Random House Children
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. . .the story leaves you “Breathless.”"
High school junior Travis Morrison has everything. His life is planned out. He is a champion diver who can do anything in the water. Living life on the edge every minute, he’s been lucky…until the day he tries to dive from Chimney Rock. In that moment, his life changes drastically. It will never be the same again.
Travis discovers he has cancer—bone cancer in his upper thigh. He fights it hard like he’s done everything else in his life, focused on recovery, secure in the love of his parents and sister, trusting in God, depending on his best friend Coop and Darla, the light of his life. Despite the best treatment available, he ends up sacrificing the cancerous leg, but even that isn’t enough. The killer disease eats away at the once-strong athletic body until only a shell remains. Travis makes a decision that puts his three closest companions into an ethical dilemma none of them had ever contemplated before, a decision no one should have to face as a teenager.
Lurlene McDaniel takes readers into the minds of the four teens who are the primary characters in the book. She shows us Cooper, the strong, silent kid who’s not like all the other kids in his Alabama school. He’s part Hawaiian, part Korean, and he doesn’t fit until Travis takes him on as his best friend. But Coop also has to deal with his alcoholic mother and his own tendency to drink too much. Then there’s Darla, the high profile girl for all the wrong reasons, whose life Travis touches with kindness and love, giving her a reason to tolerate an abusive father. There’s his little sister Emily, a freshman, who likes order in her life unlike her brother, “Who never met a rule he could obey.”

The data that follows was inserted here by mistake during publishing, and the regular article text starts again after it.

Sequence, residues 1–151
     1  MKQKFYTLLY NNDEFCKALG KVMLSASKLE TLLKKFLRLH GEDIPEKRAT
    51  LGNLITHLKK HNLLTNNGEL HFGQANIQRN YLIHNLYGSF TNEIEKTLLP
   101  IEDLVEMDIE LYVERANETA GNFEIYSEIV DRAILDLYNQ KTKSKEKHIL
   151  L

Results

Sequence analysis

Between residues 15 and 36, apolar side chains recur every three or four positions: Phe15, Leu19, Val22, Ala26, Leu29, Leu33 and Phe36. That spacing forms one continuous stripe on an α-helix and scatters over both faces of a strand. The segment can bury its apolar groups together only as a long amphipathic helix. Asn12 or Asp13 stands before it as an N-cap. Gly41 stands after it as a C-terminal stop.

This story will grab you and make you read it in one sitting. I made the mistake of thinking I’d read just a bit before I turned in at 11 p.m. one night. I finished the book at 1 a.m., emotionally jolted, somewhat disturbed, but satisfied with the ending. It was an ending I didn’t expect, but it made sense. It felt right. And the title fits—the story leaves you Breathless.
Reviewer: Janet Musick